While it was a single-use power-up in previous Heretic games, the Tome is now a persistent item (not to mention a character in the story) that requires defensive mana for its effects, which also fuels several useful defensive spells. From the meteor shield, whose shimmering green boulders wait in orbit and lash out at your enemies, to the fearsome morph ovum that turns your enemies into henpecked shells of their former selves, the defensive spells are as impressive as the main arsenal. Using offensive and defensive abilities in proper conjunction all while dodging enemy attacks is the key to Heretic II, and although it’s a similar enough feel to your typical first-person shooter, it’s hardly the same. Certainly the third-person perspective gives you a better sense of dodging enemy attacks, but the camera, which only rarely obstructs your view, does in fact inhibit some of your peripheral vision and makes it difficult to detect enemies attacking from the flanks. Corvus has a lot of moves in his repertoire, and most of them are useful, but altogether he moves a little sluggishly compared with your typical first-person action hero, especially while sidestepping. Still, he could run circles around Lara Croft any day, and a simple, even amusing tutorial will help you get acquainted with how he operates in no time.
Heretic II fixes most every shortcoming the series ever had, in large part by returning to the Heretic formula rather than following the Hexen tradition. Although Hexen and its sequel each offered three character classes to choose from, the same resources could have gone into making a single, far more interesting protagonist. That’s what Raven did with Heretic II, whose hero packs so much firepower that you won’t soon find yourself getting bored using the same old magic tricks. Better yet, the levels are finely paced, with ammunition and mana in rather short supply such that you’ll have to be conservative with your attacks, even as new weapons, spells, and power-ups are introduced with perfect timing. The levels are large, cohesive, and intuitively structured, and you even get nicely acted in-game cutscenes during and between them. You can travel back and forth between certain areas in a throwback to the Hexen and Quake II hub system, but much like those other games, the hub system doesn’t work all that well. It’s just not much fun to have to backtrack, even if you do face new enemies on the way back, but it is a convenient means of increasing the length of the game. Searching for keys to locked doors or pushing three buttons in sequence isn’t much fun either, and you’ll be forced to do such petty tasks occasionally, but never in excess.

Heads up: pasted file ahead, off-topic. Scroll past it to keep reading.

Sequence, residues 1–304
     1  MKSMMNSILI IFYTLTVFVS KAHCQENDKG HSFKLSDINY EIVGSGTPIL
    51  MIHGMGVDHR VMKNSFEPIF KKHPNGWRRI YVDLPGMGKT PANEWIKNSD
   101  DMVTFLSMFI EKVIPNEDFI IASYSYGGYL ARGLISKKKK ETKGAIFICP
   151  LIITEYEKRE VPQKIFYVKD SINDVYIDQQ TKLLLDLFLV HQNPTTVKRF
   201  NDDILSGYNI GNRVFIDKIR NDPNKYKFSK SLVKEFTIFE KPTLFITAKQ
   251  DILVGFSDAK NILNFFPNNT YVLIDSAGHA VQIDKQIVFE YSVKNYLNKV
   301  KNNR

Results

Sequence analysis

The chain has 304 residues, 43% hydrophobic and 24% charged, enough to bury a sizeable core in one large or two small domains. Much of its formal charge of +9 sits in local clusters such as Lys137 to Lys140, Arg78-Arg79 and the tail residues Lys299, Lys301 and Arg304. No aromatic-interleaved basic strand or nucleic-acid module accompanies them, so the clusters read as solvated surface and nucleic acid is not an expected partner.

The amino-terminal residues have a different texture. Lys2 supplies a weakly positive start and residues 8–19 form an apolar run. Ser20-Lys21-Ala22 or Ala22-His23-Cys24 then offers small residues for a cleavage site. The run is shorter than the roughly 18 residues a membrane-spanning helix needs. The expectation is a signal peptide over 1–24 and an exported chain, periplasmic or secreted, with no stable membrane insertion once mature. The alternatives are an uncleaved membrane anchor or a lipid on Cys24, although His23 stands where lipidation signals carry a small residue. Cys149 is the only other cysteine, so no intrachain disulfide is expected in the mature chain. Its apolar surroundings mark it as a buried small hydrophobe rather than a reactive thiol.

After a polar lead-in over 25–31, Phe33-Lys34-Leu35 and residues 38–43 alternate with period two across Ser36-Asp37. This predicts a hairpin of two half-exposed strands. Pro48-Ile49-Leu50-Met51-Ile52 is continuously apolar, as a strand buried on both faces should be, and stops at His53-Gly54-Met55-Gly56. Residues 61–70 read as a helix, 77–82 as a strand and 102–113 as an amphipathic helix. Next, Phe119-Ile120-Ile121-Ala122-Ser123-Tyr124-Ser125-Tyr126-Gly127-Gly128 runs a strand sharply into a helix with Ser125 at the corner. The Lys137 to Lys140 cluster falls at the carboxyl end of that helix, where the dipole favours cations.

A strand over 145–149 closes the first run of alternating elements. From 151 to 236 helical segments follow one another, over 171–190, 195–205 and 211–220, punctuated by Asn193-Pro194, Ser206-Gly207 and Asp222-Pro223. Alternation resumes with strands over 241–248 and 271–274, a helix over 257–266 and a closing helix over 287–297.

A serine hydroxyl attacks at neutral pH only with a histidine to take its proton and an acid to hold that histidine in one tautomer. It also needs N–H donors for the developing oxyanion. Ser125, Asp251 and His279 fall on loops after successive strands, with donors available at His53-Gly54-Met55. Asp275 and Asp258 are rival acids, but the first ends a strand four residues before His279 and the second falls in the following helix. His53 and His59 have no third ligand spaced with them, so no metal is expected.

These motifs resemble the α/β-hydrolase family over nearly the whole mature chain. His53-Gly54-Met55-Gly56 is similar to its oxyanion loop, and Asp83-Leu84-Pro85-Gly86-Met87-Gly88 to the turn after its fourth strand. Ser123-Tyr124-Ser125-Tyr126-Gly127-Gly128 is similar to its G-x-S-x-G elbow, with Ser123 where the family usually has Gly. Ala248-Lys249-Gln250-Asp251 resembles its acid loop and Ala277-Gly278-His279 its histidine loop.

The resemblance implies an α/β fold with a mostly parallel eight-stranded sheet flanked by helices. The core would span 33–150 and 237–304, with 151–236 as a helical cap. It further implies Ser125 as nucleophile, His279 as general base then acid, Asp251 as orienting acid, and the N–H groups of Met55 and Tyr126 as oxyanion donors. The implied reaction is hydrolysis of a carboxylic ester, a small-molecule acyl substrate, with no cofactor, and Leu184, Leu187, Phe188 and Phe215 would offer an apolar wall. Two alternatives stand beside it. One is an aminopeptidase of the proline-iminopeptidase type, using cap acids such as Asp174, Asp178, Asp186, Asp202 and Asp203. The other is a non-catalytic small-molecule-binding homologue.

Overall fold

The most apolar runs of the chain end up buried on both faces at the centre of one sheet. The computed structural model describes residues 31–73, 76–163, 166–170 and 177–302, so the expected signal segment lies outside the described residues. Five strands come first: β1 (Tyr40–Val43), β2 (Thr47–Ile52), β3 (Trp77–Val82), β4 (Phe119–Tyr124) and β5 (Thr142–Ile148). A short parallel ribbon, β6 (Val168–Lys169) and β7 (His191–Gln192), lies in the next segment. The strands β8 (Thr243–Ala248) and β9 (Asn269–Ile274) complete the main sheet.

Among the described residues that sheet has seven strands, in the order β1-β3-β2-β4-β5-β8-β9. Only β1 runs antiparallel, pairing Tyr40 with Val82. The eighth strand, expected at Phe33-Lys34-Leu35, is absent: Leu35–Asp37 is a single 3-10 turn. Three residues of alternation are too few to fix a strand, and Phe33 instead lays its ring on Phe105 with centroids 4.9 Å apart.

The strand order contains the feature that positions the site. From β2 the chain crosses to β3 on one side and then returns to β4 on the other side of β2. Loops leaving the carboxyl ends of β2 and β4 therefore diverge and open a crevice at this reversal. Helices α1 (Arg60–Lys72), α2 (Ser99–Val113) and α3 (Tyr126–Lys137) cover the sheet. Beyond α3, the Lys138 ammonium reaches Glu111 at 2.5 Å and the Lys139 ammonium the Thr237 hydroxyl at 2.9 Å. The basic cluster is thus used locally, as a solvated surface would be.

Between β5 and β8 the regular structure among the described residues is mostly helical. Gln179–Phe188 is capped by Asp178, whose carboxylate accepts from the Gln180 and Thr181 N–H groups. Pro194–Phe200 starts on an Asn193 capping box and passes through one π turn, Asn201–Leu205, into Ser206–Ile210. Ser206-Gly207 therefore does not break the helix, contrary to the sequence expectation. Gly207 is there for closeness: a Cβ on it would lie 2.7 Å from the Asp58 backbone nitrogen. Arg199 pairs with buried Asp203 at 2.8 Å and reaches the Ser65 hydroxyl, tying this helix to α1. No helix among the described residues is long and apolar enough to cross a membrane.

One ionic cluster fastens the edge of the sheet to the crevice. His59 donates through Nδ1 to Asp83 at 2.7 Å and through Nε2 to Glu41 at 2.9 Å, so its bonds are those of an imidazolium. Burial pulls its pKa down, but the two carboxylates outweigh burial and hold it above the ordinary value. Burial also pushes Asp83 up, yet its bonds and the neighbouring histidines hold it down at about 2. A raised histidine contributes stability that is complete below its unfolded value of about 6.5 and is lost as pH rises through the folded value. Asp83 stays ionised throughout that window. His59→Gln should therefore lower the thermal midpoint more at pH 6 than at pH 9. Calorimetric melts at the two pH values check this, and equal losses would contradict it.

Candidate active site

If there’s any real fault to Heretic II, it’s in the name – this game is in a league above its predecessors, and although it continues the original’s plot and holds over many of its weapons and items, it mustn’t be regarded with the kind of prejudice its predecessors might evoke. Otherwise, sure, the game suffers from a bug or two, level load times aren’t insubstantial, the third-person perspective thing isn’t exactly revolutionary, and altogether the game isn’t very long (although it’s worth replaying cooperatively). Occasional areas in Heretic II can be frustrating either because they’re difficult or because they’re confusing, and as a deathmatch game, it isn’t as fast and furious as Quake. But one look at the game, one taste of any of the weapons it places at your disposal, and you’ll forget all about the little things like that.